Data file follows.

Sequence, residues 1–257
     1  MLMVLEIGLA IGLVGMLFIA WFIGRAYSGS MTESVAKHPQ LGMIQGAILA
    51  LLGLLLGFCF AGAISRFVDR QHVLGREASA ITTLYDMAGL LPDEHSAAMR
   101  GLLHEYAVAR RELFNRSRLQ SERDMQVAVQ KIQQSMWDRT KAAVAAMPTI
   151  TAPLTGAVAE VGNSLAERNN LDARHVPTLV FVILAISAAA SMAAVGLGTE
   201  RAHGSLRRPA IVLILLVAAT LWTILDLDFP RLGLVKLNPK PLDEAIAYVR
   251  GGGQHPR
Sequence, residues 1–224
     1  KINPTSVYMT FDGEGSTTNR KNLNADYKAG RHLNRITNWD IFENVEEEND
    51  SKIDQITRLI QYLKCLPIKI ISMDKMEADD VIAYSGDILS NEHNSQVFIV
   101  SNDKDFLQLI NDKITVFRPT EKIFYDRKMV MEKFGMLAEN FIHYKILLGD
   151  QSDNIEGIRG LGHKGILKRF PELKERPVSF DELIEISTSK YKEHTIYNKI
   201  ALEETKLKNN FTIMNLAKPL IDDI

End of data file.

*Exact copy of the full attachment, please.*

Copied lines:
Sequence, residues 1–257
     1  MLMVLEIGLA IGLVGMLFIA WFIGRAYSGS MTESVAKHPQ LGMIQGAILA
    51  LLGLLLGFCF AGAISRFVDR QHVLGREASA ITTLYDMAGL LPDEHSAAMR
   101  GLLHEYAVAR RELFNRSRLQ SERDMQVAVQ KIQQSMWDRT KAAVAAMPTI
   151  TAPLTGAVAE VGNSLAERNN LDARHVPTLV FVILAISAAA SMAAVGLGTE
   201  RAHGSLRRPA IVLILLVAAT LWTILDLDFP RLGLVKLNPK PLDEAIAYVR
   251  GGGQHPR
Sequence, residues 1–224
     1  KINPTSVYMT FDGEGSTTNR KNLNADYKAG RHLNRITNWD IFENVEEEND
    51  SKIDQITRLI QYLKCLPIKI ISMDKMEADD VIAYSGDILS NEHNSQVFIV
   101  SNDKDFLQLI NDKITVFRPT EKIFYDRKMV MEKFGMLAEN FIHYKILLGD
   151  QSDNIEGIRG LGHKGILKRF PELKERPVSF DELIEISTSK YKEHTIYNKI
   201  ALEETKLKNN FTIMNLAKPL IDDI